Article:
Comartin said a particular “irritant” is that by shutting down Line 5, Michigan portrays itself as more interested in protecting the Great Lakes than Canada is. “Basically, we reject that completely,” Comartin told the Post.
Sarnia, Ontario is directly across the St. Clair River from Port Huron, Michigan and has an economy heavily-dependent on Line 5’s operation. Its mayor expressed his frustration with Whitmer in the Post article.
“She may be focused on her one issue, but the relationship between Ontario and Michigan has been set back, in my view, for decades,” Mayor Mike Bradley said.
Bradley said he’s written to Whitmer several times about Line 5 and has never received a response. Previously Ontario Premier Doug Ford, Whitmer’s elected equivalent, said he had tried to contact her about Line 5 but wasn’t able to get a response.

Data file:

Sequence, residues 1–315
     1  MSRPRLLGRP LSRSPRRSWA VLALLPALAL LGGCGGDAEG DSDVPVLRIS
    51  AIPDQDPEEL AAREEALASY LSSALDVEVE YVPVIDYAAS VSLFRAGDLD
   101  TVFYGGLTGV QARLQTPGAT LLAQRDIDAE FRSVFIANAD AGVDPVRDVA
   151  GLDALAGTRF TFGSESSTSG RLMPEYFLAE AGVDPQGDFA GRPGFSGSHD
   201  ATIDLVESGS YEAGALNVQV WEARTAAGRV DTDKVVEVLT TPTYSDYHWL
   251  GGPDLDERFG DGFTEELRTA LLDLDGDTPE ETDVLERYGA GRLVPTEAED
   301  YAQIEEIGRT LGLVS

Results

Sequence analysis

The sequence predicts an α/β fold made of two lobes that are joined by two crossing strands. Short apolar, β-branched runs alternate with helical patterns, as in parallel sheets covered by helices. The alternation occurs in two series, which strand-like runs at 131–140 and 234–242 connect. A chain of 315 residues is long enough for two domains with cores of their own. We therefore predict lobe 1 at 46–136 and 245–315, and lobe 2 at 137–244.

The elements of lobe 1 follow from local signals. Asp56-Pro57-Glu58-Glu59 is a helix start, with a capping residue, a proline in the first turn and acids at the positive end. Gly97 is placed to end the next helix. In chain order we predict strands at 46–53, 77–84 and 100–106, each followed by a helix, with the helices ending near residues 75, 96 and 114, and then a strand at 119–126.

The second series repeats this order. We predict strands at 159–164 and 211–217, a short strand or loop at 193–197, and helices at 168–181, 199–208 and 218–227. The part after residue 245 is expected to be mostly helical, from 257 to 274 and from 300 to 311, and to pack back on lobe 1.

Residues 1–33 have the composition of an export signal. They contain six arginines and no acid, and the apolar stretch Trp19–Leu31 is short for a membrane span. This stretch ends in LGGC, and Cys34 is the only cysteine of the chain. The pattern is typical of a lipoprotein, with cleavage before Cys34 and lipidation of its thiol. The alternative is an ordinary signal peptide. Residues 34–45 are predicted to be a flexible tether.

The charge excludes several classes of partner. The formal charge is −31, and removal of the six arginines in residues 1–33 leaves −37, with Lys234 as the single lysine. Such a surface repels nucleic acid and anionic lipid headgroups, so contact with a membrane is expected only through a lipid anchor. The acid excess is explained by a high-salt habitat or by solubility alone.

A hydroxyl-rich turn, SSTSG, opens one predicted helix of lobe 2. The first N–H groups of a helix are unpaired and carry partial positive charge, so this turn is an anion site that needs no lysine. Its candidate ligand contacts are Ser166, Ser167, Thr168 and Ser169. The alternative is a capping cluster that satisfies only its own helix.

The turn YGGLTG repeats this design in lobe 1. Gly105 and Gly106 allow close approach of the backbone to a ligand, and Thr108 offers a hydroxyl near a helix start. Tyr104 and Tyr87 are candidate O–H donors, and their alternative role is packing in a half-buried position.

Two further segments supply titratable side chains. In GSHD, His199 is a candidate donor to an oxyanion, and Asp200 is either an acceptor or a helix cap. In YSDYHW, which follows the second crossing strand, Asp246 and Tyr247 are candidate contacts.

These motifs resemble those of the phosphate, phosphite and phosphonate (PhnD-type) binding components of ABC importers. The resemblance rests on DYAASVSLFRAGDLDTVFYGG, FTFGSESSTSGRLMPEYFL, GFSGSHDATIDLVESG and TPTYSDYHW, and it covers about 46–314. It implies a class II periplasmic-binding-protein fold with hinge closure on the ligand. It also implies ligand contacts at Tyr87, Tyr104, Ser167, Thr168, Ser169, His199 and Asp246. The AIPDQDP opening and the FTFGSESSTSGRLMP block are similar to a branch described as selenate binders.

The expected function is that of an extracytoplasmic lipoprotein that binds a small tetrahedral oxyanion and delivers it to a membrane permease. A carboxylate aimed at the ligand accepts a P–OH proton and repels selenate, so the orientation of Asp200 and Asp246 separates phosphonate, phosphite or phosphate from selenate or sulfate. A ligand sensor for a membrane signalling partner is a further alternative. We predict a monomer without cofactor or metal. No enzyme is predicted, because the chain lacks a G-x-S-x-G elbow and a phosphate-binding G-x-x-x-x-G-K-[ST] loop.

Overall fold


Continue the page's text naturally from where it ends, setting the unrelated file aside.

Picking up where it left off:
Michigan and Ontario in recent times have had a good working relationship on Great Lakes issues, even when leadership came from opposite political philosophies. Whitmer’s predecessor, Gov. Rick Snyder when in a Great Lakes leadership position, always included premiers from Ontario and Quebec when discussing the lakes.
Snyder was also instrumental in forging the deal that led to Canada paying for construction of a new bridge that will traverse the Detroit River. The bridge is critical to trade between the countries and will exemplify the importance of good relations between the U.S. and Canada.
It’s hard to understand Whitmer’s stonewalling of Canada, especially as a progressive Democrat from whom you would expect better.
And it runs counter to the policy of President Joe Biden, a close Whitmer ally, who has emphasized returning to cordial and respectful international relations after the shabby treatment of certain countries, including Canada, by former President Donald Trump.